Dancing About Architecture: Vaghe Stelle Makes Futurist Techno for Manga Metropolises

Vaghe Stelle is an Italian producer who makes music sincerely influenced by the legacy of Futurism, formal and otherwise.

Previous releases have been influenced by the work of a fellow Turin-born artist, the Futurist Giacomo Balla, and the Manifesto of Futurist Musicians, Balilla Pratella’s 1910 proclamation. Among its list of actions are “The liberation of individual musical sensibility from all imitation or influence of the past” and, this critic reports with some trepidation, “To combat the venal and ignorant critics with assiduous contempt, liberating the public from the pernicious effects of their writings.”

Swipes at music hacks not withstanding, the Futurists’ adventures in music at times risked being as laughable as they were laudable: if programmatically working beyond anything created previously is brilliant in applied or fine art, or architecture, it isn’t the easiest starting point for a musician, or even the necessarily the most appealing. Happily then, Vaghe Stelle, whose music is characterized by jagged textures and free-standing arrangements, played on decidedly analogue synths, is something of an errant futurist, albeit one that at least makes a decent stab at thinking about what tomorrow could sound like.

His new work takes influence from a futurist, written with a lower-case F, closer to our time, if further from Vaghe’s hometown: Tsutomu Nihei, a Japanese manga artist whose work depicts dread cities stretching, almost organically, to the Moon and beyond. Released on fellow forward-thinker Nicholas Jaar’s Other People label, The Full Stream Ahead is playing exclusively below. Click play, and read an interview with him underneath.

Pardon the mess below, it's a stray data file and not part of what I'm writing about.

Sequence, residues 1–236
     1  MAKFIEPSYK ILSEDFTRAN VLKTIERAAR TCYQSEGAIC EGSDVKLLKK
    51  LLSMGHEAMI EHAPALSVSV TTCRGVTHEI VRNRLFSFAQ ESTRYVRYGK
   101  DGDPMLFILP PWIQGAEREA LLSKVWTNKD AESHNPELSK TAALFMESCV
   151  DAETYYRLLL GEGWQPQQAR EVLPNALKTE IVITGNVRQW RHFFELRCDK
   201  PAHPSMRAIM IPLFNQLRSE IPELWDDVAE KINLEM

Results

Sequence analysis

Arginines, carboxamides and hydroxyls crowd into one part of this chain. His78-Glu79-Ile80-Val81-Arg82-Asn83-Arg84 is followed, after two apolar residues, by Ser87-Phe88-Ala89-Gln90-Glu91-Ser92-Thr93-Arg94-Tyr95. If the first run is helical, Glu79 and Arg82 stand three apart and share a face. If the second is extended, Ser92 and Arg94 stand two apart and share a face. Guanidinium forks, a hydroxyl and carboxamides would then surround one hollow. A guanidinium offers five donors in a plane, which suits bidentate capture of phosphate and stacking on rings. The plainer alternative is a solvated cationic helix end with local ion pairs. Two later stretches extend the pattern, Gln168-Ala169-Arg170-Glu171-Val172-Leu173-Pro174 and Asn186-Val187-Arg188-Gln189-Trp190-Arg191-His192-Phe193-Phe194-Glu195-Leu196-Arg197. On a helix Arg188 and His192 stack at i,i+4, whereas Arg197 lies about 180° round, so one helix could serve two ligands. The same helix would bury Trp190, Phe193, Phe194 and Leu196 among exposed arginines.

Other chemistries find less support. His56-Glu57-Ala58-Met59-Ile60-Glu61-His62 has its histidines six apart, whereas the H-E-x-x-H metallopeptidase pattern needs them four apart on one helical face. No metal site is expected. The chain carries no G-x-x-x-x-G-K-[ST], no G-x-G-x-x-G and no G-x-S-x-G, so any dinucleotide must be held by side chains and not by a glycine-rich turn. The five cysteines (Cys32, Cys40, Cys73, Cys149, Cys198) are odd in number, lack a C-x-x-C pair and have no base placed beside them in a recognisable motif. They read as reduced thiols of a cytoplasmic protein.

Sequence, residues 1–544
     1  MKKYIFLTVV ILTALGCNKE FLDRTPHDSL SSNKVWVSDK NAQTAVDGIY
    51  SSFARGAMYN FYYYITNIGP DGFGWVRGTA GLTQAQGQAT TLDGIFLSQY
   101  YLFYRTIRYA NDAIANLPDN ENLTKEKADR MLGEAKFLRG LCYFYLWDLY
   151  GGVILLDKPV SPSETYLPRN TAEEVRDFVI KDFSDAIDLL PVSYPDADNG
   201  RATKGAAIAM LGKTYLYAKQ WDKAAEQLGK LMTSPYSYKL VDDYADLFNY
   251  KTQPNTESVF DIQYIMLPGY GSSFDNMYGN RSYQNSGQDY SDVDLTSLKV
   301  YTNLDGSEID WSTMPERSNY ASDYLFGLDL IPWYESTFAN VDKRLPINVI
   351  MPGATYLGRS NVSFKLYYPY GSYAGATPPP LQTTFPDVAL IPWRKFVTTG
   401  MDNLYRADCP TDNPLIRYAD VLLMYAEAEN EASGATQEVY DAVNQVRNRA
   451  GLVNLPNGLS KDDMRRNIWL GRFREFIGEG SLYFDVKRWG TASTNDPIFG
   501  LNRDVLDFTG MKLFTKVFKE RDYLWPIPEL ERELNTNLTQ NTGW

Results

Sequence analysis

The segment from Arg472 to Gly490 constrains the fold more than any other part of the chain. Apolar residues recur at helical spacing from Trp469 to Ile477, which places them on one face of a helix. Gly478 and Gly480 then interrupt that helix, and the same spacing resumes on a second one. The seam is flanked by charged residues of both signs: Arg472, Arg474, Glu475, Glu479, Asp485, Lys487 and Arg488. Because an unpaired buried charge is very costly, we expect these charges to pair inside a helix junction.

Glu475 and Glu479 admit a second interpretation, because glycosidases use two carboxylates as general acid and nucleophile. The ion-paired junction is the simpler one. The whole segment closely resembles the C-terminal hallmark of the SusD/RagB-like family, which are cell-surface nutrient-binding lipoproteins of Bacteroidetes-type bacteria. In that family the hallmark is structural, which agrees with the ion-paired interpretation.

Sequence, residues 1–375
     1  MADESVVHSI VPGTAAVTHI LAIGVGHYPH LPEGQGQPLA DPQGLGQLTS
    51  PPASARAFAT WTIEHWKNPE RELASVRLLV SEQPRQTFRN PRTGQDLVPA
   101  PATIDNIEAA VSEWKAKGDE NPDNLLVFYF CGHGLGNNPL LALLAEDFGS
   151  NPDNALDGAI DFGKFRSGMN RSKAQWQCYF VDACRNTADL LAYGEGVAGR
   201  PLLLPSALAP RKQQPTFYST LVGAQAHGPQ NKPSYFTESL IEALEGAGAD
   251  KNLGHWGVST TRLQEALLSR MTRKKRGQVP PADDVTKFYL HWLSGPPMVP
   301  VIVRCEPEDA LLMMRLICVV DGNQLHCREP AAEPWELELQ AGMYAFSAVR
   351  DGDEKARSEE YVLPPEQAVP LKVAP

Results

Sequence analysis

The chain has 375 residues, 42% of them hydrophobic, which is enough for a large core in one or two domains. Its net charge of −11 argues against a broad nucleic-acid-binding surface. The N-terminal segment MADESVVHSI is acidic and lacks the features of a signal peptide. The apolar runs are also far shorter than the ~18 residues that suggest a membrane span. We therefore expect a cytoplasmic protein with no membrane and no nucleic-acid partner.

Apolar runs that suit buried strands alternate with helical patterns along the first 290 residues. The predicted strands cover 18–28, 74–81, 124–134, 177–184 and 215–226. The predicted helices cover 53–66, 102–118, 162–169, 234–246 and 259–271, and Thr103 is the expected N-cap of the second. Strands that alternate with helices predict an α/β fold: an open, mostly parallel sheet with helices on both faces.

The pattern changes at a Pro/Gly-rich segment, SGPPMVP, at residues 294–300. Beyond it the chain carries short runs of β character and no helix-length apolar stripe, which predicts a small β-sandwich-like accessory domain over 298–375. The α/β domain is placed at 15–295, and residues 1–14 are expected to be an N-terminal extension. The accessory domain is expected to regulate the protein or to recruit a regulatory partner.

How has Italian Futurism influenced your work?

Vaghe Stelle: My previous EP, Abstract Speed + Sound, was mainly inspired by Italian Futurism: I explicitly referred to Giacomo Balla, mainly because of my own fascination for speed and movement as a vehicle for moving forward. It’s still part of my cultural background but I cannot say it continues to be my main influence. I’m expanding on the main idea of the Manifesto: I’m particularly fond of the idea of breaking with the past in order to create something new. 

From many perspectives, they were very problematic: they wanted to use the war to clean the world of all the remnants of the past. I definitely don’t agree with everything they said. I instead focus my attention on their research on that has never been seen or heard before. 

Technologically, much of what concerned the futurists came true: the idea of sampling the sounds of daily life to make music, say, has existed since Schaffer’s musique concrete in the 50s, and has been part of pop since the Beatles, while a machine making music is essentially what pop has been for a decade or more. One of your weapons of choice, the Juno 106, was a part of rave music: there are now children whose grandparents met listening to Human Resource, who used the synth for their tracks. What, for you, are at the outer fringes of, if you will, futuristic music? Where will music go? And what would the futurists be obsessed with if they were here today?

Vaghe Stelle: I believe that the evolution of music is highly dependent on technological innovation. Just as Luigi Russolo, while building his Intona Rumori machines could not have imagined that 70 years later, people would record sounds with computers that could fit in their pockets, it is relatively useless to imagine what new discoveries will sound like. But in my work its always essential to use technologies that produce sounds I’ve never heard before.